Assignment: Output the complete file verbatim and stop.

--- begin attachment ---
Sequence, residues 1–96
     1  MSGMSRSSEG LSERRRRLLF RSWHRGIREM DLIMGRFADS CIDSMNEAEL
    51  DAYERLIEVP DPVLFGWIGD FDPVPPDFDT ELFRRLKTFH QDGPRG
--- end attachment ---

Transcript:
Sequence, residues 1–96
     1  MSGMSRSSEG LSERRRRLLF RSWHRGIREM DLIMGRFADS CIDSMNEAEL
    51  DAYERLIEVP DPVLFGWIGD FDPVPPDFDT ELFRRLKTFH QDGPRG